Clinton came equipped with a prototype of the health care card that every American would get under his plan. Emblazoned with the seal of the United States, it resembles a credit card.

‘‘This card will guarantee you a comprehensive package of benefits that can never be taken away,’‘ the president said.

Clinton’s speech set out six principles that he said were essential for any health plan: security, simplicity, quality, affordability, choice, and responsibility.

Mrs. Clinton said later those principles ‘‘are non-negotiable. The details as to how we fulfill each of those principles, we are open to discuss.’‘

Polls show most Americans believe the system needs to be fixed but uncertain about ways to change it. A half-dozen rival plans already have sprung up.

Clinton’s plan for the first time would require all employers to pay 80 percent of the average health premium for their workers. Employees would pay the rest. Small businesses and low-income workers would get subsidies.

Giant insurance-purchasing pools called health alliances would be created in each state to negotiate with doctors, hospitals and insurers. Consumers would buy their coverage through the alliances.

The plan would vastly expand the government’s power to control health costs if competition alone doesn’t work. But critics question whether the controls would squeeze out quality, too.

Growth in the government’s two biggest health programs, Medicare and Medicaid, would be slowed by $238 billion over five years, though many in Congress say it’s politically unrealistic to cut that deeply on care for the elderly and the poor.

There was a torrent of response to Clinton’s speech—much of it praising his goals but questioning his approach.

In the official Republican response, South Carolina Gov. Carroll Campbell questioned how many jobs would be lost if small businesses were required to cover all workers. ‘‘Do you really want the federal government to control your health care?’‘ Campbell asked.

Dr. Lonnie R. Bristow, chair of the 300,000-member American Medical Association’s board of trustees, said ‘‘the means to finance reform are unclear and the timetable too aggressive. … The president may be creating expectations that cannot be met.’‘

A health reform coalition chaired by former Presidents Carter and Ford praised the ‘‘comprehensiveness and strength’‘ of Clinton’s plan and said it was encouraged by bipartisan support for changing the system.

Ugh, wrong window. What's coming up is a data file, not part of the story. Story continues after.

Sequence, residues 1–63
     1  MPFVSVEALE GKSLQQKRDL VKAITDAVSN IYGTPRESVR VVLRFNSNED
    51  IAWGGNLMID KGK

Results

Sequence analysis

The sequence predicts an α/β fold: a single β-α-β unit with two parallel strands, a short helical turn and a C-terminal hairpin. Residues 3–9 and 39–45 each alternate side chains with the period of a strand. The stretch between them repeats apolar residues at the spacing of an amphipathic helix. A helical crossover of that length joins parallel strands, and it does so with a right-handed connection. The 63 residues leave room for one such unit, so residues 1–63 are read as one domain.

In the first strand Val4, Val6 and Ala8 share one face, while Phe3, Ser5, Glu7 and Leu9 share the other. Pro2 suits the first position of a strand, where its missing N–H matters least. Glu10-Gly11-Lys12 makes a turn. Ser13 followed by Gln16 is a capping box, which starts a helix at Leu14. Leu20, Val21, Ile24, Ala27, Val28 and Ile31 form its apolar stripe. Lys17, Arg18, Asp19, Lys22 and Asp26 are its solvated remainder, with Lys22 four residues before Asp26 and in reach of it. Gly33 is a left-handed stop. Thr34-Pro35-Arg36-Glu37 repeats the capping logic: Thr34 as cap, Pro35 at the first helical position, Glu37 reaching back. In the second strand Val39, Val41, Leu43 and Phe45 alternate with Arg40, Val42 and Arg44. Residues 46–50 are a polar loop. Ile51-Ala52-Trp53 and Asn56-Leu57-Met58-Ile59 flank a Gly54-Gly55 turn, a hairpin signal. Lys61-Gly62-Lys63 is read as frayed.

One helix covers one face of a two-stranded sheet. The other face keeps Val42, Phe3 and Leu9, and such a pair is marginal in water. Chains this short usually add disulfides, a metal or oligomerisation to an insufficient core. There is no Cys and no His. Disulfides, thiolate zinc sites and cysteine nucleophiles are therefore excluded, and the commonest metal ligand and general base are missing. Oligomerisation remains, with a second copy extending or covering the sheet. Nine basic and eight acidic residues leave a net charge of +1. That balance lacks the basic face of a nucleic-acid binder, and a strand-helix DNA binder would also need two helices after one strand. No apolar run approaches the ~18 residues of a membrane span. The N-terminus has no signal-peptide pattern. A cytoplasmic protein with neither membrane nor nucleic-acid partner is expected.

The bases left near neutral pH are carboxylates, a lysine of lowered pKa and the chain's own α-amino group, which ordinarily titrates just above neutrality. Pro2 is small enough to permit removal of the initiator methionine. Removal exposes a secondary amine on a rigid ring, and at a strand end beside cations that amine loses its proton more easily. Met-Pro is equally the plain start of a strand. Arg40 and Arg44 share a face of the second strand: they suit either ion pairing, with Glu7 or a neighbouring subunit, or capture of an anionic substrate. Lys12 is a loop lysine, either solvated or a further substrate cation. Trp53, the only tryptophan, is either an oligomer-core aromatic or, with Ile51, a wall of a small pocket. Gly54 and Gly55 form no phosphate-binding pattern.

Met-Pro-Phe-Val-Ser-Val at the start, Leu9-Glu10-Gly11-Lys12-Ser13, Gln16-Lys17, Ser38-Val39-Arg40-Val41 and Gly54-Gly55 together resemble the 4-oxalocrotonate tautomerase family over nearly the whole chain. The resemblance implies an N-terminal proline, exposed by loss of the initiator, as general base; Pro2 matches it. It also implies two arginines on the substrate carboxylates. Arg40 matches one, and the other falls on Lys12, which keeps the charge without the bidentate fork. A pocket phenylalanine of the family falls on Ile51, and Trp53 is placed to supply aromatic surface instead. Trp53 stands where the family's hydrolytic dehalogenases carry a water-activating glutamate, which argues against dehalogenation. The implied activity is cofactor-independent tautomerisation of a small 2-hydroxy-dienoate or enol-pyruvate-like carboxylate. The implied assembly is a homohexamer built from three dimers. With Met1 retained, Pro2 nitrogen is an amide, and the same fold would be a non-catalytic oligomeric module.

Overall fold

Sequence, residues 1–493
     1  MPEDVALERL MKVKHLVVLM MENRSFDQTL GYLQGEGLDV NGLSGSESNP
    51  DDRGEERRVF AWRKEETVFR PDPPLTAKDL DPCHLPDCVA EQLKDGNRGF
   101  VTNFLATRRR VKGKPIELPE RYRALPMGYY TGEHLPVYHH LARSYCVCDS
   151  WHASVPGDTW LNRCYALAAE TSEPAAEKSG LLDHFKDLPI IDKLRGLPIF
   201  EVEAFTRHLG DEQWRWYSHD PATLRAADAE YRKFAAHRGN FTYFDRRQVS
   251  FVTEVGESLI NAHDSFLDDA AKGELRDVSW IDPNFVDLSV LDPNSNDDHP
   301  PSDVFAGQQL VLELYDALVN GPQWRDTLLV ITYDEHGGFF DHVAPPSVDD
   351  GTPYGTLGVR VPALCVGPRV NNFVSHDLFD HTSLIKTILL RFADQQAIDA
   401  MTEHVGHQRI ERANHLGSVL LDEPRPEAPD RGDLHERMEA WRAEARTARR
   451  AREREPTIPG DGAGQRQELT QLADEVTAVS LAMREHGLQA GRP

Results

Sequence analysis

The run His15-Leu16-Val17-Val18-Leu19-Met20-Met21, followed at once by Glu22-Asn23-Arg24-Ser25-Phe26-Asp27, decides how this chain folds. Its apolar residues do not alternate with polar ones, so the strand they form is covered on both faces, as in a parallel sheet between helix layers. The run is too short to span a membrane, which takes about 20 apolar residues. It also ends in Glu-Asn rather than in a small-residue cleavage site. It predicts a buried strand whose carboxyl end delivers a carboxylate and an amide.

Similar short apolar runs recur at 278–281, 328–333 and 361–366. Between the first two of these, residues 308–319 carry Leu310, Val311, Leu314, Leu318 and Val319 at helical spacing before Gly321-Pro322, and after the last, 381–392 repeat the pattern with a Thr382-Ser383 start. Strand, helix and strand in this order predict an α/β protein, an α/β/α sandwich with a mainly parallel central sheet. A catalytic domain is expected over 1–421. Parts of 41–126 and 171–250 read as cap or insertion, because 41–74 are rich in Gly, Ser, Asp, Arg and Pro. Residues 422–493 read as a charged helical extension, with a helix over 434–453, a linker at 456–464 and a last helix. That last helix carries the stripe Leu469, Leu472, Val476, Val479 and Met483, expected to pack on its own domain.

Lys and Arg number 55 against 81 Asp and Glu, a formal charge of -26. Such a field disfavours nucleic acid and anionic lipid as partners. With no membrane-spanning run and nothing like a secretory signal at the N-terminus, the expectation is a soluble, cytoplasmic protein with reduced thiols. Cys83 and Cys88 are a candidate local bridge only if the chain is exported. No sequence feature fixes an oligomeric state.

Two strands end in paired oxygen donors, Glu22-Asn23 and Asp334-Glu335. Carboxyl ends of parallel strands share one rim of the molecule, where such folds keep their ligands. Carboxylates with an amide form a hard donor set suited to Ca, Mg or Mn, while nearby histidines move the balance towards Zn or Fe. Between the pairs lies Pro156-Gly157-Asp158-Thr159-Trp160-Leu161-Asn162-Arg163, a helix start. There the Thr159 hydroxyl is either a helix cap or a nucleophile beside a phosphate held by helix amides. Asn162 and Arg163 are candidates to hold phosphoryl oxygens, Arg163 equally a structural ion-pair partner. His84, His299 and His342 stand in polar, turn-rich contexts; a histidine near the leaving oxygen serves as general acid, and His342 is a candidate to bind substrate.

There’s formidable opposition to Clinton’s plan from powerful groups representing small businesses, insurance companies, drug manufacturers, hospitals and doctors—as well as tobacco growers.

Clinton said Congress would be bombarded with advice in the months ahead.

‘‘There will be some who will stoutly disagee with what I have proposed and with all other plans in the Congress for that matter. And some of the arguments will be genuinely sincere and enlightening. Others may simply be scare tactics by those who are motivated by the self interest they have in the waste the system now generates. ..

‘‘I ask you only to think of this when you hear all of these arguments, ask yourself whether the cost of staying on this same course will be greater than the cost of change.

He said members of Congress ‘‘have a special duty to look beyond such arguments.’‘

‘‘Let us write that new chapter in America’s story and guarantee every American comprehensive health benefits that can never be taken away.’‘

Health care reform is issue No. 1 in Clinton’s agenda. More than anything else, it’s the issue by which Clinton’s administration will be judged.

Since 1912 when Theodore Roosevelt called for national health insurance, many attempts have been made to enact universal coverage. All of them failed.

This time, prospects appear better because Clinton is staking his presidency on the issue and taking a high-profile lead.